If you have any questions or feel like something is missing from this post please leave a comment below or contact me.


Welcome to Guide your Travel!

Hi! I’m Victoria, a travel blogger from Germany and the author of Guide your Travel. I write about my favourite destinations, travel tips, photography and how to become a blogger.

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Hi, I'm Victoria

I’m 24 years old and grew up in Germany. Right now I’m studying at a university in Scotland and am about to graduate with a bachelor’s degree.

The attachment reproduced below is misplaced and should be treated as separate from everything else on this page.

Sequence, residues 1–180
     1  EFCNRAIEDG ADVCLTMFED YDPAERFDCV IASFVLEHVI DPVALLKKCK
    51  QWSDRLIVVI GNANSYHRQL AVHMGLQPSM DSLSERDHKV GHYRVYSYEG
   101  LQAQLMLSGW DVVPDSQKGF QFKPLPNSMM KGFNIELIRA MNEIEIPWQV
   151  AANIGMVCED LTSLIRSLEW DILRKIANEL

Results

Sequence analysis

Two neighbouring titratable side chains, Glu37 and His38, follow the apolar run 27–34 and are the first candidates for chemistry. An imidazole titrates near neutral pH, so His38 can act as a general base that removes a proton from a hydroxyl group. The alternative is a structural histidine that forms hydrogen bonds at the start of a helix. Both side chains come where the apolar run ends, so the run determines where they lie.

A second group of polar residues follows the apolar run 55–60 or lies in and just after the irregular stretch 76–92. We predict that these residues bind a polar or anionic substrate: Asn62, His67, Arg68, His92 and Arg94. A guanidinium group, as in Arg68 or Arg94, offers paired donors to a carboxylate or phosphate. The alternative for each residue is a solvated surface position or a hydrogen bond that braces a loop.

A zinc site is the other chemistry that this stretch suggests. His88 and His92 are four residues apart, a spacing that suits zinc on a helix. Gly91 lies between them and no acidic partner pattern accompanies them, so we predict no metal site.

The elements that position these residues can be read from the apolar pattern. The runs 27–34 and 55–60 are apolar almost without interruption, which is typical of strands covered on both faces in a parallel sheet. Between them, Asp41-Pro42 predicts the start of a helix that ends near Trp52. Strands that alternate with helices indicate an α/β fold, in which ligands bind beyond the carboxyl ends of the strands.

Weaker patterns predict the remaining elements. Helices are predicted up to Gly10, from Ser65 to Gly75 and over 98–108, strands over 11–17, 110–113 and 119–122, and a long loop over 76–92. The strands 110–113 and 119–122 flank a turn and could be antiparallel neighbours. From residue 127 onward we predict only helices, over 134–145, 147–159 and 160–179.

Full-time travel is my dream and I’ve spent the last few years slowly building my online business. Guide your Travel is technically a travel blog, but I also write about photography, social media and how you can start blogging. Don’t forget to check out my destination guides and travel tips.